jQuery CSS selectors are used in combination with jQuery method. Doing that provides an efficient way for manipulating HTML elements. It it very helpful. For example, with only a few simple commands we can modify the visual appearance of an entire set of HTML elements, not just one.
Selecting Elements by Tag Name
Even though jQuery programming implies understanding several functions from the library, almost all jQuery commands start with a CSS selector (beside the main library functions which do not require a CSS selector, but that is not covered in this tutorial.) Basic knowledge of CSS selectors is required before starting to use jQuery. However, in many instances jQuery has helped web programmers learn more about CSS selectors! It works both ways.
jQuery("*"); // Select all elements (including <doctype>, , <style>, etc.) jQuery("div"); // Select all <DIV> elements jQuery("p"); // Select all paragraphs (returns a list of elements) jQuery("#nagivation div"); // Select all <DIV> elements within an element of any type whose ID is #navigation jQuery("table tr"); // Select all table rows within all tables on the page (but avoids the table tag itself)
If you are already familiar with CSS (Cascading Style Sheets), then CSS selector anatomy used by jQuery will be trivial to understand because it’s exactly the same here. jQuery follows standards already defined by the regular CSS rules, it doesn’t make its own. (Whatever CSS you are used to writing in a file such as “style.css”, the same exact rules apply here.)
However, jQuery also adds a few of its own custom selector methods that can further extend our options (these are represented by methods, not additional CSS selectors.)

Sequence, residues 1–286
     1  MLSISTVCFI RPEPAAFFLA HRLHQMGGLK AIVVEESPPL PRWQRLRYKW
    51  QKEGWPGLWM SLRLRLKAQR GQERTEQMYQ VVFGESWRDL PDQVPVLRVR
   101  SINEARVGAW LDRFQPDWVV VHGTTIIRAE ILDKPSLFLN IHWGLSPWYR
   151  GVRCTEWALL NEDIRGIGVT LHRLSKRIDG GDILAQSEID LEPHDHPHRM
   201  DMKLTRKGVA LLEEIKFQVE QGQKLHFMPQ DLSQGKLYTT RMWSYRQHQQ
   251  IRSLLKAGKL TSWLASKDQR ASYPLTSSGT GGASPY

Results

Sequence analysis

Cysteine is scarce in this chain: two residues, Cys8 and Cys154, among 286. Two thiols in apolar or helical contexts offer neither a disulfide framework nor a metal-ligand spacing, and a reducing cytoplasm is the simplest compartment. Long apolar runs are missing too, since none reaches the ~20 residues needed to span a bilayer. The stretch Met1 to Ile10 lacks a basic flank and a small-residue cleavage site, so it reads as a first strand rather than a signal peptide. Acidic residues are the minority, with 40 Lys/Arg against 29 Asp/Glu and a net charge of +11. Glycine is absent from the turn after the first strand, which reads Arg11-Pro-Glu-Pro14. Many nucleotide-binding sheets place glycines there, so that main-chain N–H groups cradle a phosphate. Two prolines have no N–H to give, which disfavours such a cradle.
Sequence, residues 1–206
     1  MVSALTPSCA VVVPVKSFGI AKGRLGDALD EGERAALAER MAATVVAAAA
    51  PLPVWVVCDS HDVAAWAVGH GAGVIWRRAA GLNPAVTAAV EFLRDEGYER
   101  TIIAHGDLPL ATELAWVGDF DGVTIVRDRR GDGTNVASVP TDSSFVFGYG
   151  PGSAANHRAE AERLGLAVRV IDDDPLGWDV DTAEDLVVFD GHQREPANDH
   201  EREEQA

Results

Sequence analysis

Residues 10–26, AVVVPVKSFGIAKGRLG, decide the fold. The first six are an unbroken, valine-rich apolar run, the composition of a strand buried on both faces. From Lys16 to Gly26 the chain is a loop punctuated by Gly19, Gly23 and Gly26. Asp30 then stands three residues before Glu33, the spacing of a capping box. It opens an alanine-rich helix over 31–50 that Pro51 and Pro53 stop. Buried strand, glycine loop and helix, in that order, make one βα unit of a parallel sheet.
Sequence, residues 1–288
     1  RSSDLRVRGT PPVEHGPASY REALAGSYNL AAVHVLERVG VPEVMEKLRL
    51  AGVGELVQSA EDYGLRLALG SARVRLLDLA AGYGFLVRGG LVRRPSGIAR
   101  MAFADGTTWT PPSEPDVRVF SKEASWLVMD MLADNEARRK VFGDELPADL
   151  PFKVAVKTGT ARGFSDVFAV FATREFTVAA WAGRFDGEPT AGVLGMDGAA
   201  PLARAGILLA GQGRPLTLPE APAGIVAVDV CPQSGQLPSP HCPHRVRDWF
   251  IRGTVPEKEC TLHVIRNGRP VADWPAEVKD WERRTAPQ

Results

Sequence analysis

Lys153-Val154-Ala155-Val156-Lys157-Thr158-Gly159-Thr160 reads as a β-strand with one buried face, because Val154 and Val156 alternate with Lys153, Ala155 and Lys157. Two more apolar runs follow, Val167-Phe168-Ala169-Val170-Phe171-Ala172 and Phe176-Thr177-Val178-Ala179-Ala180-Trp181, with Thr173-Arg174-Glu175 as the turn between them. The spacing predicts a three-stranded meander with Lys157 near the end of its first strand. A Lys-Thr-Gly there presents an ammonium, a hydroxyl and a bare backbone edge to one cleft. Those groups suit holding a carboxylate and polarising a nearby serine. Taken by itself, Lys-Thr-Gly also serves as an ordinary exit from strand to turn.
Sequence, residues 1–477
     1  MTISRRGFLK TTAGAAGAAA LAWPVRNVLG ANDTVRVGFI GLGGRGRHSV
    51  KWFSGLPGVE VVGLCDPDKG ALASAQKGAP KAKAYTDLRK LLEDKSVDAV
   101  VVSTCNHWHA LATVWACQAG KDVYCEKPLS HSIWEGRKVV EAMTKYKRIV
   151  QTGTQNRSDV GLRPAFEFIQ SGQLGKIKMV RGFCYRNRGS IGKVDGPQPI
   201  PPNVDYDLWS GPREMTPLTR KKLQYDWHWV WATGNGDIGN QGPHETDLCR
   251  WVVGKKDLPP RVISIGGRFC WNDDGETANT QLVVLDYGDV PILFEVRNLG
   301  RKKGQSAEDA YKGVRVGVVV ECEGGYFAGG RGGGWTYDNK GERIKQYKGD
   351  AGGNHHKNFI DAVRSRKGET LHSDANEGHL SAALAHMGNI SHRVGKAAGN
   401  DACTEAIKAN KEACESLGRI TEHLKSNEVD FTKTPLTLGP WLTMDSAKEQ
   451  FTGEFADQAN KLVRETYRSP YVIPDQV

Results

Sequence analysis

For example, what if we wanted to remove all elements of a certain type from the web page? Notice that the comma separates two tags. All elements of both types will be removed completely from the DOM (Document Object Model,) in other words, your web page.
What if we wanted to “prepend” or append elements within the selected HTML element? The following examples explain how to do this:
// Prepend (add text just at the top its opening <body> tag) $("body").prepend("<p>Watching the clouds fly by.</p>"); // Append (add) text to the very end of the tag $("body").append("This text will be added just before the closing </body> tag");
Selecting Elements by ID and CLASS Name
To select an individual
jQuery("div#windows"); // by id name "windows" jQuery("div.doors"); // select by class name "doors"
The Object “jQuery” Is the Same as the Dollar Sign Object “$”
jQuery is the name of the main library object. However, the main jQuery object can also be referred to as the dollar sign. They are synonymous. This means that typing the following line will give us the same exact thing as the lines in examples above (where we used the jQuery object):
$("div"); $("div#windows"); $("div.doors");
There is no difference between the dollar sign and jQuery object. The dollar sign itself is just a variable name like: var $ = jQuery. Where jQuery is an object that contains the entire library. This object is defined within the jQuery’s “.js” file you can download from www.jquery.com, include it in your own projects and you’re ready to start writing jQuery code!
var n = 1;
By referring to jQuery by its original name “jQuery” (and not the dollar sign) we ensure that the jQuery object does not clash with other objects already included in your project (the dollar sign is a common name for naming entire libraries). If you are absolutely sure no other library will be used on your web page, then using the dollar sign is acceptable.
You can choose to use jQuery(“div”) or its exact equivalent $(“div”), they refer to one and the same object.
In prior examples we selected all DIV elements by using tag names. We can use any legal HTML tag name such as “img”, “p”, “table”, “td”, etc.
Beyond Selecting HTML Elements by Tag Name